So let me set the scene...
It is a warm summer evening and there is a nice breeze. The baseball field is full of kids of all abilities playing catch and getting serious about their sport....Challenger baseball!
Sam is at baseball practice and his Dad is his buddy and is coaxing him to participate. I am standing some distance away at a small playground area with Andrew, Sean and a few other kids. All the Challenger baseball kids, of all abilities, have partnered up and are throwing balls back and forth. Sam is running in the grass and has more interest in making Pat run after balls than an actual game of catch.
From a distance I am watching Sam run bases... his way (which is just another way of saying that Sam was running around a lot with no real direction). He is stealing other kids balls and throwing them in every direction. I really think that the idea of playing catch completely escapes him... either that or he just likes to watch people run after balls. Pat has no doubt broken a sweat at this point. Sam (AKA The Grounds Keeper) is all over the field. At one point I hear the coach yell "WE HAVE A RUNNER" as I turn to look and see that Sam has gotten out of the fenced area and is running full tilt towards the road.
This has become a game of sorts.
He waits until he thinks no one is paying attention and then he bolts. His giggles are that of a child who wants to get caught... but not before he lets you know that the score is Sam 1, parent-unaware 0. I am sure this was much more comical from a distance where I got to see the whole scene unfold.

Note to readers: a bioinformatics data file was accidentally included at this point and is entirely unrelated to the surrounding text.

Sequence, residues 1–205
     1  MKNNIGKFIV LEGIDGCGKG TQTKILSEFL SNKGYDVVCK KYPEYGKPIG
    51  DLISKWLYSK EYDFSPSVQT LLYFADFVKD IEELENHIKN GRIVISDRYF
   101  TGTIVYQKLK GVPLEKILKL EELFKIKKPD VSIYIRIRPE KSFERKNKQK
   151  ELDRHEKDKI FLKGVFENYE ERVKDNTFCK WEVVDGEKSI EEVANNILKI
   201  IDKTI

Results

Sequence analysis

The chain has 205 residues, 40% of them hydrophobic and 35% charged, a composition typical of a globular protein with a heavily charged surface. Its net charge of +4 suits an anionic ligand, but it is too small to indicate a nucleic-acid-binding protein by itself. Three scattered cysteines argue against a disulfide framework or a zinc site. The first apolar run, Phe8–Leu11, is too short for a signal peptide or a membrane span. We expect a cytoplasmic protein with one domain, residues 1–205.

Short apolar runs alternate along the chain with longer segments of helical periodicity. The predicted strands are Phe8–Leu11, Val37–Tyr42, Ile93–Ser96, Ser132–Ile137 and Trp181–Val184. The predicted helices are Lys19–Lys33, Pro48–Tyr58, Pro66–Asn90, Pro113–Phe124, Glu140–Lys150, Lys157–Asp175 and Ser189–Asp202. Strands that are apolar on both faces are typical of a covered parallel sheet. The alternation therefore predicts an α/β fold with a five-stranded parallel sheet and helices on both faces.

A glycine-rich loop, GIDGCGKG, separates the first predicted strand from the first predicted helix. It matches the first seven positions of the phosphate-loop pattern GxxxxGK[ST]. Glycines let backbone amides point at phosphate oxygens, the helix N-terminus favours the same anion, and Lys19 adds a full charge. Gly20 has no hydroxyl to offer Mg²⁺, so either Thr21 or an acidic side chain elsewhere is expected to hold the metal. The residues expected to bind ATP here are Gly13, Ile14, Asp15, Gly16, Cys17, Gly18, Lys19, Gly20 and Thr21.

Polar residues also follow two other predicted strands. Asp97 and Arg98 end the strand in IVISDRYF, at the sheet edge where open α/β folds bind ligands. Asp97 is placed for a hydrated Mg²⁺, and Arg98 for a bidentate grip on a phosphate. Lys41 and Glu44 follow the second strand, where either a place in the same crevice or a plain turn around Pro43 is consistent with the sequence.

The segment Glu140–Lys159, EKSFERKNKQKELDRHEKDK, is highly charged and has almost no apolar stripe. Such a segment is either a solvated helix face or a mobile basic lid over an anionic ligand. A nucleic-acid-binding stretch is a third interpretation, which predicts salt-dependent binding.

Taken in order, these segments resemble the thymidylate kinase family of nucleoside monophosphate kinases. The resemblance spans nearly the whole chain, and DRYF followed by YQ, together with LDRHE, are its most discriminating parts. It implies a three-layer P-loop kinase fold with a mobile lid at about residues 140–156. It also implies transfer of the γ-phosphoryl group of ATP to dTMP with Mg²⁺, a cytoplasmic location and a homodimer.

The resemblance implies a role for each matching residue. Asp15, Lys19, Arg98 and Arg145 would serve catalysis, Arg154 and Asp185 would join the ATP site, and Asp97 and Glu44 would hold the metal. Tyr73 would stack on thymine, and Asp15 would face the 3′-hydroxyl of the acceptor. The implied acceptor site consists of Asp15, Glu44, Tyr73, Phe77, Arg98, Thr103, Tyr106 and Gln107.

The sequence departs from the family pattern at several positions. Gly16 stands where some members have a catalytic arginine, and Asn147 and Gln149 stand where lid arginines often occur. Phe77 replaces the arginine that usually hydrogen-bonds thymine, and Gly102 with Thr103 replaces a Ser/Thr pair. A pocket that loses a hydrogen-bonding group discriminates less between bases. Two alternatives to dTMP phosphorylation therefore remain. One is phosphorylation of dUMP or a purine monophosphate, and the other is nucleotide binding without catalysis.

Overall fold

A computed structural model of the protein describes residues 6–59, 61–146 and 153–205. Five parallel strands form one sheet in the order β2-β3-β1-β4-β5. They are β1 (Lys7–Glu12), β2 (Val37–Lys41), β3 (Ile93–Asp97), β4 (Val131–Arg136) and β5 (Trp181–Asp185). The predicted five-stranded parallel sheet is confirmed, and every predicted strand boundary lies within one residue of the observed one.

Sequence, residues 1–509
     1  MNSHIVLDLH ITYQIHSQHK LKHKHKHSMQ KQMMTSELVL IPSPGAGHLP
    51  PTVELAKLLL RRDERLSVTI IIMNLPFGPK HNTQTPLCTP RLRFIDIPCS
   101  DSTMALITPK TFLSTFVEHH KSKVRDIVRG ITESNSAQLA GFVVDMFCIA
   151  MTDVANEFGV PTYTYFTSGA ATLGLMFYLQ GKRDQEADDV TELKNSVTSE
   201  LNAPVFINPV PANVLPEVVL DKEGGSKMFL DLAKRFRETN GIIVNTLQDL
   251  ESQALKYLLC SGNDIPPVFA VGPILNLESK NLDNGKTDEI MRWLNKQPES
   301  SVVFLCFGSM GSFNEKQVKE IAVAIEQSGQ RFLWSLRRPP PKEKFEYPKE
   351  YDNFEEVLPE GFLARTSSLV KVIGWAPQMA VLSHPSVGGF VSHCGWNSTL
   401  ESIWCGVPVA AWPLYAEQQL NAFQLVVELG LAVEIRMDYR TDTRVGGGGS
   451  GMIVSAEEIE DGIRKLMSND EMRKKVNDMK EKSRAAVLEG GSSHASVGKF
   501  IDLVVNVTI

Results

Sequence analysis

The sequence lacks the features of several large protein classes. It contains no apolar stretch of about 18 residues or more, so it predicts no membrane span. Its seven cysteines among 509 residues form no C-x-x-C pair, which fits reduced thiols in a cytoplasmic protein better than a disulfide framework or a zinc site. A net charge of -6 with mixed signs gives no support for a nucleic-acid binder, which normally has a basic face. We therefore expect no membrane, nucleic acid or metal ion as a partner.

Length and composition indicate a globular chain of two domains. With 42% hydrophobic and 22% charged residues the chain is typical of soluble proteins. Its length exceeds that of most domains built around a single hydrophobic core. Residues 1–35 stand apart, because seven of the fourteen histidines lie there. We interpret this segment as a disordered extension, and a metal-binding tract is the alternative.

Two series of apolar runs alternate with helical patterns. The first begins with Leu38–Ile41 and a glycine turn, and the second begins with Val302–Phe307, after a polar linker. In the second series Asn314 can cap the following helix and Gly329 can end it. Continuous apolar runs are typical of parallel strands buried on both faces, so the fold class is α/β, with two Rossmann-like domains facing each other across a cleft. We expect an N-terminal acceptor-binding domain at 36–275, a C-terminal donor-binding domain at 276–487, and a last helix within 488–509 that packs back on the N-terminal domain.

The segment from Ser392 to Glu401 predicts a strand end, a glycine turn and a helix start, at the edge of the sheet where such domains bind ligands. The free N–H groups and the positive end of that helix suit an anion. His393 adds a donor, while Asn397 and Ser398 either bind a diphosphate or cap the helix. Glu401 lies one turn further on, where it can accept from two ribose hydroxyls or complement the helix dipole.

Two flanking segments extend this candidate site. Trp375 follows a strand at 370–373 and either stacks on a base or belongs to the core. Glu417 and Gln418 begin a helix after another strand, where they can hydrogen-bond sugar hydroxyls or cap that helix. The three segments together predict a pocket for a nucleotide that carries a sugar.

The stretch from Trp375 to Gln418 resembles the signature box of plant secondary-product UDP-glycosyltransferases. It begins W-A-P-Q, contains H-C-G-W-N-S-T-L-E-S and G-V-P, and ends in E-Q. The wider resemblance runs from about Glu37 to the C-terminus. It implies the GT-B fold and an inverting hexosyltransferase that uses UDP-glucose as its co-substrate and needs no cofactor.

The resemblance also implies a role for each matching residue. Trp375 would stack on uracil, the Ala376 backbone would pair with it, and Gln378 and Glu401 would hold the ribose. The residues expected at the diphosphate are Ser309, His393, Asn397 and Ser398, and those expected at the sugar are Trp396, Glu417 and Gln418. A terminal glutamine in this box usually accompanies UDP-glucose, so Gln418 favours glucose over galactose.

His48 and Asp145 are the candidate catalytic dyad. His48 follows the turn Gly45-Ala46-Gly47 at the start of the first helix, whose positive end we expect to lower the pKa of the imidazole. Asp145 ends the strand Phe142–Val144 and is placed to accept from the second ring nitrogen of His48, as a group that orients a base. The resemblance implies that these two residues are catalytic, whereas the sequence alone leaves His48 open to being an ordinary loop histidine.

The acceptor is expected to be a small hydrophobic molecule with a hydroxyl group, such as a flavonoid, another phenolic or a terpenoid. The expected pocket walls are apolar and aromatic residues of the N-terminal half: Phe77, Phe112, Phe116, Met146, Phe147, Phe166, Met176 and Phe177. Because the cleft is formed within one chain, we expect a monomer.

Sam started making his way toward the gate. Bigger kids moved out of the way and actually assisted him to navigate the bats and helmets that slowed his progress a bit. And then he shifted into 4th gear. I hear the coach yell. I see Pat who was helping another kid bat, spring up and scan the field only to realize that Sam was gone. Just as Sam reached the street Pat scooped him up and brought him back inside the fence.
Now Sam has a mission. He is now determined that he will make it to the street. And now another idea occurs to him.... if I can't go into the street I can make others go into the street.
So now I see Sam pick up a ball and throw it. Not to anyone in particular but a good throw all the same. He then walks over to his ball, picks it up and throws it again. Good job Sam, I am thinking. Slowly but surely he is making his way across the field... until he reaches the fence. He then tosses the ball over the fence and into the road. Cars are breaking, adults are running and Sam is quite pleased with himself. Over the course of the practice Sam threw 2 balls into the street and escaped 3 times.
About 3/4 of the way through practice Sam is DONE. He is exhausted from all the "base running". He makes another break for it and starts to head over towards the small playground, takes a brief break at the swings and then takes off towards a concrete area that is behind the school. I try to coax him back to the game but he is... done. Sam is a master of the famous "stop, drop and flop" and he executes this perfectly making it impossible for me to lift him. As if to tell me that he is not moving another inch... he rolls to his back and puts his hands behind his head and just lounges there on the hard cement. He has had a good day, a fun practice and now he is pooped out.
Briefly he joins the team again but under protest. With very little cooperation from Sam we get him, Andrew and Sean loaded into the van. With practice over we are headed home for baths and bed.
Another great practice.